David Galef is a professor of English and administrator of the M.F.A. program in creative writing at the University of Mississippi. His latest books are the novel How to Cope with Suburban Stress and the co-edited fiction anthology 20 over 40.

Humanities Faculty For Hire!

I’m a little tired of hearing administrators claim that the low salaries of humanities faculty are a natural result of there being no competition for our services in the private sector. If that’s their sole argument for denying us fair wages, then I say we should make it work in our favor. According to their rationale, if we could simply prove that we are indeed desirable commodities beyond academia (as our colleagues in the business or law schools do), then we could also demand heftier salaries.

Well let’s finally set the record straight: We humanities folk actually do possess a number of highly marketable skills that have heretofore gone unnoticed and underappreciated by administrators, private-sector employers, and even ourselves. If we can successfully highlight these abilities more explicitly in our day to day working lives, our paychecks will soon inflate to reflect the true worth of our labors. Consider the following:

Lunchtime Banterer. Nobody I know in other colleges, in government labor, or within the corporate world, can match the wit, range, and profundity of the conversations that my colleagues and I put on display at the local taco shop each Tuesday between 11 a.m. and 12:30 p.m. Our elaborate exchanges are dense with both literary and pop allusions; devastating put-downs; cleverly layered inside jokes; self-deprecating, self-reflexive asides; impromptu philosophical rants; withering caricatures of foolish colleagues; and even ironic deconstructions of the very food before us. Only 10-plus years of intensive liberal arts training could forge the formidable verbal skills on display during these mealtime conferences.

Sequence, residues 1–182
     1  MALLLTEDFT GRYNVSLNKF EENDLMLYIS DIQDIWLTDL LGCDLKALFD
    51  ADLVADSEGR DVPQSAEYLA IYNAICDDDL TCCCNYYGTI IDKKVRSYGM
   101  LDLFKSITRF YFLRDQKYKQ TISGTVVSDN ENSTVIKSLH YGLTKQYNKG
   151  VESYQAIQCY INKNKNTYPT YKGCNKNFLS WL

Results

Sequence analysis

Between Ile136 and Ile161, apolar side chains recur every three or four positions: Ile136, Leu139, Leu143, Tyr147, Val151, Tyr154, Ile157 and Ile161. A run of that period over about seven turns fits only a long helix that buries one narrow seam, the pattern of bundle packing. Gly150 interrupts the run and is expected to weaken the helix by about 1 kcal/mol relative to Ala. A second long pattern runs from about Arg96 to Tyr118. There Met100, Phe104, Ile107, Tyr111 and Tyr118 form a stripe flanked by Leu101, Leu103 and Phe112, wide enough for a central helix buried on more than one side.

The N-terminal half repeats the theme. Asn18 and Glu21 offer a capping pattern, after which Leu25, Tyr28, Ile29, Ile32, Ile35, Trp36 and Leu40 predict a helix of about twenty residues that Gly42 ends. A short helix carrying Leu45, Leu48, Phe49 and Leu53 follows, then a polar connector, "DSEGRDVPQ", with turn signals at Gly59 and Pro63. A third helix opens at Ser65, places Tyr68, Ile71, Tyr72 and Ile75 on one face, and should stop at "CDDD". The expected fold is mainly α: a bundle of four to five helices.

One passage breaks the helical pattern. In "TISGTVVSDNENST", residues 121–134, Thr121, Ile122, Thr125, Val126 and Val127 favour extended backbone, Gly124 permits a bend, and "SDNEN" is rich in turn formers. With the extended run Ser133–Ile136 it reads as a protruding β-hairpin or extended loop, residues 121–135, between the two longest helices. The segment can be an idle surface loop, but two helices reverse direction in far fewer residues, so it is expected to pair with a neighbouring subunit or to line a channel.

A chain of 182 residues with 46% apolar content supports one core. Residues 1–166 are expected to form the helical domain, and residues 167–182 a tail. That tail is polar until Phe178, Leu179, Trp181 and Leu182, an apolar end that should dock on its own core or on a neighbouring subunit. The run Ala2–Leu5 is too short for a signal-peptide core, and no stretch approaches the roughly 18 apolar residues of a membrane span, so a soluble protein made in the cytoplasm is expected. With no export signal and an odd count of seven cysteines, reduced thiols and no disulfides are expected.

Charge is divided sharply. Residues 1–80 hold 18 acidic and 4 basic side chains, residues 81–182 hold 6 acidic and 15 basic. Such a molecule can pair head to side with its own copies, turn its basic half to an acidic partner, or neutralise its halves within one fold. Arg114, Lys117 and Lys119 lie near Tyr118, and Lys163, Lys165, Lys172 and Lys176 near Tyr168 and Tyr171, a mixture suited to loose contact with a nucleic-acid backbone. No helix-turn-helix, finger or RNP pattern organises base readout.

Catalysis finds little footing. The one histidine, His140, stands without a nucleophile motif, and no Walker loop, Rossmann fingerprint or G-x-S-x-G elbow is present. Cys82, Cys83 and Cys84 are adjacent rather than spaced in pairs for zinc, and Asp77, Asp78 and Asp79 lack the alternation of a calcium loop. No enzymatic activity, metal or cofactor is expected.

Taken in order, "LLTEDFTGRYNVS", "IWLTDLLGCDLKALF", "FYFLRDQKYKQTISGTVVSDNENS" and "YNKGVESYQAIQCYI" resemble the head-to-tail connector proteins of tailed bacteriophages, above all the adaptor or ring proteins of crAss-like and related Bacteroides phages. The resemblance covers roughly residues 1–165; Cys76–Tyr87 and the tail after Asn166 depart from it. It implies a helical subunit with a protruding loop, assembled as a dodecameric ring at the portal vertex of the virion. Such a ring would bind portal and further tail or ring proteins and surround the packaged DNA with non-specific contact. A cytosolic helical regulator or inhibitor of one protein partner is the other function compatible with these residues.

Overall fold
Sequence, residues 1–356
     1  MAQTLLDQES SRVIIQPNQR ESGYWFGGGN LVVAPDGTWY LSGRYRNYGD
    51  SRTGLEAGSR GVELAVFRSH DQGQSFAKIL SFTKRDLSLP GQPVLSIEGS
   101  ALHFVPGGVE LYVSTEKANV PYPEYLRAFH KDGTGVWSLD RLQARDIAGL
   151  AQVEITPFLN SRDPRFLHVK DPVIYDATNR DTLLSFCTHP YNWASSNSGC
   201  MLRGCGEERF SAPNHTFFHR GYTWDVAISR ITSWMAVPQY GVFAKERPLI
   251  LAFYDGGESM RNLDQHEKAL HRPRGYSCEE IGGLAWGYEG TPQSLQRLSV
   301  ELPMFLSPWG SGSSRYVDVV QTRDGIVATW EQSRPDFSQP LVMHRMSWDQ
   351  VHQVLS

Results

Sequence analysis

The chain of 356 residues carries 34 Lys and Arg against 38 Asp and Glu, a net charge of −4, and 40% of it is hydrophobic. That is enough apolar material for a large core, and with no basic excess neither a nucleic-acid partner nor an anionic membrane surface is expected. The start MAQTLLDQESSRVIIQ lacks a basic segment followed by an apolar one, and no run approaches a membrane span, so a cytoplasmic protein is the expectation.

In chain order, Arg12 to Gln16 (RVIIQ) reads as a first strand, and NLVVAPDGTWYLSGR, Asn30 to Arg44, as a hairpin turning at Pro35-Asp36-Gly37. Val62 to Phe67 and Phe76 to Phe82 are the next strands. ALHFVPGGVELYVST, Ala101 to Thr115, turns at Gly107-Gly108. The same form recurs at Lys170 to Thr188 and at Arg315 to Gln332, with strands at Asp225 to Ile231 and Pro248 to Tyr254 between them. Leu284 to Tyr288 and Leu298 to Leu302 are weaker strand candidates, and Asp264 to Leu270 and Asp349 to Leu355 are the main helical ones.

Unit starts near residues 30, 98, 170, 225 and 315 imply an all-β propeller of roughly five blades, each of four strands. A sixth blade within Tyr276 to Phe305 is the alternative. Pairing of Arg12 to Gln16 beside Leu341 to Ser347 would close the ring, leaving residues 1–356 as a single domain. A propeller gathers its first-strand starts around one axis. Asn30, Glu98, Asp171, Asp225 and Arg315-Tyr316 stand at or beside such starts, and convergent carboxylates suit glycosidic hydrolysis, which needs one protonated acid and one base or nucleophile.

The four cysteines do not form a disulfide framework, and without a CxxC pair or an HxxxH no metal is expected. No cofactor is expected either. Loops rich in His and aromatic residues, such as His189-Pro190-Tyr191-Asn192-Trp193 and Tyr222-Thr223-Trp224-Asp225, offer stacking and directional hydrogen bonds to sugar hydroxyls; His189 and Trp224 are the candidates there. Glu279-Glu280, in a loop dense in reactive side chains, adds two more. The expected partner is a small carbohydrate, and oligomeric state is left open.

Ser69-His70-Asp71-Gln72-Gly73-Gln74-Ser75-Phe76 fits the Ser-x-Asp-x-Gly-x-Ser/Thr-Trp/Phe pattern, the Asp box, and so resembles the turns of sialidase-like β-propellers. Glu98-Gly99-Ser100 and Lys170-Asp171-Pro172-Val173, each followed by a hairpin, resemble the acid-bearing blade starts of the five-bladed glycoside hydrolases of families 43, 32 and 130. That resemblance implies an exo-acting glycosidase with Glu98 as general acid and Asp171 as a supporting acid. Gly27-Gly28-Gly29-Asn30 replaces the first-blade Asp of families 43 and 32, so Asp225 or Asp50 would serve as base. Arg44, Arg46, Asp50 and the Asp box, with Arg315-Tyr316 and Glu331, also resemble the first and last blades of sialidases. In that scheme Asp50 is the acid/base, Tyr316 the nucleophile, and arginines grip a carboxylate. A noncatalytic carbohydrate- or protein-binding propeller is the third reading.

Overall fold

I wonder how many corporate managers or governmental bureaucrats would pay generously to have just one of us present to enliven awkward luncheons, spice up deadly boardroom meetings, or elevate the rhetoric at boring staff retreats? All of them, I’m guessing; they just haven’t known (until now) where to find us. Two hundred dollars an hour (or perhaps $10 per clever comment) seems a fair price for our conversational skills.

(Disclaimer to potential employers beyond academia: There is a vaguely cynical, leftist slant to much of our banter that may not match the spirit of many business settings, most fraternal clubs, and any gathering where people are easily offended by detailed diatribes against the myriad evils of the Bush administration and/or corporate America in general. As long as that’s clear, I think we can move ahead with whatever plans you have in mind.)

Organizer of Arcane Information. Because I had almost complete control of my schedule during graduate school (and was eager to find ways to procrastinate working on my dissertation), I was able to spend copious amounts of time tracking down, organizing, and cataloguing an immense music CD collection. The size of the lot was matched by its eclecticism: zydeco, blues, medieval chant, grunge, Americana, be-bop jazz, Norwegian folk, etc. In order to keep track of these discs, I was forced to create elaborate systems for arranging them according to date, artist, genre, relative social significance, jewel-case condition, good to bad song ratios, and on and on. While my wife may have occasionally questioned (with some acute shortsightedness!) the value of time spent creating the intricate charts, databases, and filing systems necessary for this job, I could sense at the time that I was developing useful skills of a highly marketable nature. In fact, I feel vindicated now when I see the reactions of new friends when I first show them the sum results of my improvisational, clerical genius. Indeed, they can only goggle in amazed silence at the color-coded reams of data that I have amassed.

Let me assure potential employers that these skills have not abandoned me in subsequent, busier years; I have since applied them to corralling the contents of my massive iTunes library, to the maintainance of an elaborately rotating podcast collection, and to the sorting and indexing of old copies of The New Yorker that I have every intention of reading once the current semester comes to an end. Imagine the way that my creative, free-wheeling—but almost obsessively detailed—organizational style could shake up the filing system of the average moribund office! I may have to figure out a clever way to catalogue the flood of offers from the private sector that will soon be coming my way.